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Brandenburg Choral Festival Concert in support of Citizens UK

 Brandenburg Choral Festival of London presents Mozart's Requiem to support Citizens UK. 

This concert features the Brandenburg Festival Chorus and Brandenburg Sinfonia, in a programme of marvellous Mozart. In the second half, the festival’s Artistic Director, Robert Porter, leads both groups in the dramatic Requiem, while in the first the instrumentalists will take centre stage with the Adagio and Fugue in C minorDivertimento from The Marriage of Figaro, and the Serenade in D major, known as Serenata Notturna.

(All compositions by Wolfgang Amadeus Mozart)

Adagio and Fugue in C minor, K. 546
Divertimento, K. 492,
 from The Marriage of Figaro
Serenade no. 6 in D major. K. 239,
 'Serenata Notturna'


Requiem in D minor, K. 626

Friday 10th November 2017 7.30pm


HolbornViaduct London EC1A 2DQ


Tickets £23(premium)£18(unreserved) children£5 for tickets visit www.ticketsource.co.uk/event/191675?ref=citizensuk For more information email emmanuel.gotora@citizensuk.org


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The Living Wage Campaign

 The campaign for a Living Wage is a movement of independent businesses, organisations and citizens who believe a fair day’s work deserves a fair day’s pay.  We have been campaigning since 2001 to ensure that everyone can earn a real Living Wage that meets the cost of living, not just the government minimum.


The movement began at a meeting in East London, when the grassroots organisation Citizens UK brought together churches, mosques, schools and other local institutions to talk about the issues affecting their communities.

One issue came up again and again – low pay.

At the time the government’s minimum wage was just £3.70 an hour.Some people were working two or three minimum wage jobs and still struggling to make ends meet. The gap between the legal minimum and the amount needed for families to live on was having a big impact on employees and their family life. And nowhere more so than in London, where housing and childcare costs are much higher than in other parts of the country.

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Living Wage decision imminent after call for London Stadium boss to leave an Olympic Living Wage Legacy


Cleaners from the London Stadium joined East London Citizens (TELCO) to call on the Stadium's boss to pay a London Living Wage to all workers at the home of West Ham United.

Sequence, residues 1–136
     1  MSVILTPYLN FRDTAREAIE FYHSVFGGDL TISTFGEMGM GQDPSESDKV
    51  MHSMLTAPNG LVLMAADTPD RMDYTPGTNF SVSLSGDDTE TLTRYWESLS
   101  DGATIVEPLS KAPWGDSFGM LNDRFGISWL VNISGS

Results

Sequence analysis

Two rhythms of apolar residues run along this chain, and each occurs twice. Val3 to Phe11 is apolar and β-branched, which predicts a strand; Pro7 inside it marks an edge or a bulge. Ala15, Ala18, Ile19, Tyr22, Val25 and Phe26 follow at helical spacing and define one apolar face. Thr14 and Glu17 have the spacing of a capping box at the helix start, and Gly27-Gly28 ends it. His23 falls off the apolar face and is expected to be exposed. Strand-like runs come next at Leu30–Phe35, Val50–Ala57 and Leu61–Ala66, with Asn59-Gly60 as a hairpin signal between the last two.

Cleaners thanked Mark Robinson, Head of External Affairs at LLDC, for paying a Living Wage throughout the London 2017 Athletics Championships but called for this to be extended all year round to all staff - including at West Ham United home matches.

Mr Robinson confirmed on behalf of E20 Stadium LLP that a feasibility study into the Living Wage was due to be completed next week and a final decision on whether or not to implement the Living Wage will be taken by E20 Stadium’s Board at its next meeting later this month.

The real Living Wage is independently calculated by the Living Wage Foundation as £9.75 in London and is voluntarily paid by over 3,400 businesses and organisations who go further than the government’s legal minimum wage of £7.50 for over 25s.

Cleaners shared stories of the challenges of living on £7.50 an hour in London and the impact this was having on their families whilst cleaning in a Stadium, which played host to multi-million pound earning footballers and Olympic heroes like Mo Farah.

One cleaner, who asked to remain anonymous, said: “This month I have been able to buy better quality food from the supermarket, purchased some much needed new shoes and clothes and visited my local cinema for the first time in a long time. They are small pleasures but it would not have been possible without the London Living Wage this month.

“The rest of the year is hard work and its difficult to survive on £7.50 in this city. We think its only fair that we are paid the London Living Wage all year round and we want E20 Stadium to accredit as a Living Wage employer”


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Welcoming newcomers - Canada's Pride in Community Sponsorship of Refugees

Welcoming Newcomers – Canadians’ Pride!-   By Bekele Woyecha